As burglaries, home invasions, carjackings and assaults creep into Oakland neighborhoods less accustomed to crime, residents have built fences, armed alarms and installed security cameras.

Oakland has been dealing with a resurgence of crime, particularly in the rapidly-gentrifying areas of the city, including Temescal. Some neighborhoods have also hired private security firms (some of which use armed guards) to patrol their communities, and one of the most rapidly-gentrifying neighborhoods in the city, Temescal, has been exploring doing the same. In addition to rising crime (and specifically rising crime in wealthier neighborhoods), Oakland has suffered from deep budget cuts to its police department, resulting in

Oakland police appreciate the help, said Officer Johnna Watson, a police spokeswoman.

“We are all striving for the same goal, and that is reducing crime,” she said. “The security companies are an extra set of eyes that allow the community to be empowered.”

Putting more police on the streets is the city’s top priority, said Sean Maher, a spokesman for Quan. There are now 615 officers patrolling the city of roughly 400,000 people – down from a peak of 830 officers in January 2009, according to police records.

“When communities get organized and rally around a cause like public safety, it is incredibly effective,” Maher said. “It is unfortunate that people feel forced to do this. We want a fully staffed Police Department.”

“Cities are cash-strapped, and they are finding it difficult to keep up with the costs of a municipal police force,” Wexler said. “And if you want more police, you really have to ask yourself this question: What are cities prepared to do?”

Still, Wexler said, private security companies are no substitute for a competent police force.

“When you are talking about municipal police, you are talking about public officials and holding them to a high standard,” he said. “If private security is involved, they should be held to an equally high standard.

When residents pay for services to be provided privately, what happens to their demand for the government to fully fund those services? Does having private security in wealthier neighborhoods in Oakland deprive other communities of the collective effort (and willingness to pay) for public policing throughout the city? The most crime-plagued areas of Oakland don’t have residents who can afford to replace necessary policing with private officers. What are the consequences of private citizens channeling their energy into private services? K-12 schools are perhaps the most obvious comparison, but perhaps education is a more divisible product than policing. You never know when you’ll be in a neighborhood that doesn’t have private security, but you can control whether your kids ever go to the public schools.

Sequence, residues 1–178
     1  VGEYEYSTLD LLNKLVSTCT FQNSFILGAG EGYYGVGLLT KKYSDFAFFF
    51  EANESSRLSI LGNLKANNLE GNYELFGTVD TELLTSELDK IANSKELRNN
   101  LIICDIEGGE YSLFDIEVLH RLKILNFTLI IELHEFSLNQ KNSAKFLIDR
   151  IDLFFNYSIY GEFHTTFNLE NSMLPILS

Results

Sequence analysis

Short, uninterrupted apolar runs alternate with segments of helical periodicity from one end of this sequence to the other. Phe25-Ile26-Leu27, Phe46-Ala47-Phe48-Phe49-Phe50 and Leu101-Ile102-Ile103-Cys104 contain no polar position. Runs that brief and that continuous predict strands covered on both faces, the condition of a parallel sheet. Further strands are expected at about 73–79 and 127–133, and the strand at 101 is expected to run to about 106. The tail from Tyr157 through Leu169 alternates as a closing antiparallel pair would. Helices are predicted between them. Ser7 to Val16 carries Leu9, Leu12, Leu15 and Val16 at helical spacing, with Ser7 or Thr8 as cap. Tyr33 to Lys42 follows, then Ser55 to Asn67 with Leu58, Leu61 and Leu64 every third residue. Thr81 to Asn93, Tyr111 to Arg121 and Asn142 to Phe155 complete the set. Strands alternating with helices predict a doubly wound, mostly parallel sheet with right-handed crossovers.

“Oaklanders deserve more safety, and to the extent that citizens can generate it for themselves and their neighborhood, I applaud that effort,” said Councilwoman Libby Schaaf. “But it does not excuse the city for failing to provide the most basic element of government. It is not a substitute.”

Read: More in Oakland relying on private security – SFGate.

In the community meetings held to discuss the possibility of private security in Temescal, many residents pointed out the other obvious dangers: racial profiling and the lower standard of accountability private actors have then public police officers.

Several residents spoke about their concerns over racial profiling, especially after the death of Trayvon Martin, a Florida teenager gunned down by a neighborhood watch volunteer.

During the meeting, a Latino resident and a transgender resident questioned the safety of those that do not fit the description of an “average citizen.” Both spoke to the idea that they could be considered outsiders in their own neighborhood and would actually feel less safe with private security.

“I believe that increasing police presence in a neighborhood only increases safety for some people,” said Kane.

Read: Private security divides Temescal